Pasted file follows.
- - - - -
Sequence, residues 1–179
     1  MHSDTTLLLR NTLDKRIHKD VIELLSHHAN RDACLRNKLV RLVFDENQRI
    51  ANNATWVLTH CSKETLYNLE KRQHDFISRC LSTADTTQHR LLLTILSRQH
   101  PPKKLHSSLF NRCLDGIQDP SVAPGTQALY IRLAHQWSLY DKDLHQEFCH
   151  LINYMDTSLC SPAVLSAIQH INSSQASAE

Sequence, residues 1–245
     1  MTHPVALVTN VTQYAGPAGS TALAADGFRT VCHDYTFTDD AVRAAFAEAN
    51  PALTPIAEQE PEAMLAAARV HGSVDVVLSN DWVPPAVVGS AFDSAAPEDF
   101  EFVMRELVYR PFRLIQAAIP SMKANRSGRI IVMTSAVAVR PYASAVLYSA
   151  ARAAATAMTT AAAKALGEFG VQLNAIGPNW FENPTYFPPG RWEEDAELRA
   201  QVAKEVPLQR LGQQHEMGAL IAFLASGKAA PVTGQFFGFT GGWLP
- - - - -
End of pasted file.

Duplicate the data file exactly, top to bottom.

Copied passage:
Sequence, residues 1–179
     1  MHSDTTLLLR NTLDKRIHKD VIELLSHHAN RDACLRNKLV RLVFDENQRI
    51  ANNATWVLTH CSKETLYNLE KRQHDFISRC LSTADTTQHR LLLTILSRQH
   101  PPKKLHSSLF NRCLDGIQDP SVAPGTQALY IRLAHQWSLY DKDLHQEFCH
   151  LINYMDTSLC SPAVLSAIQH INSSQASAE

Sequence, residues 1–245
     1  MTHPVALVTN VTQYAGPAGS TALAADGFRT VCHDYTFTDD AVRAAFAEAN
    51  PALTPIAEQE PEAMLAAARV HGSVDVVLSN DWVPPAVVGS AFDSAAPEDF
   101  EFVMRELVYR PFRLIQAAIP SMKANRSGRI IVMTSAVAVR PYASAVLYSA
   151  ARAAATAMTT AAAKALGEFG VQLNAIGPNW FENPTYFPPG RWEEDAELRA
   201  QVAKEVPLQR LGQQHEMGAL IAFLASGKAA PVTGQFFGFT GGWLP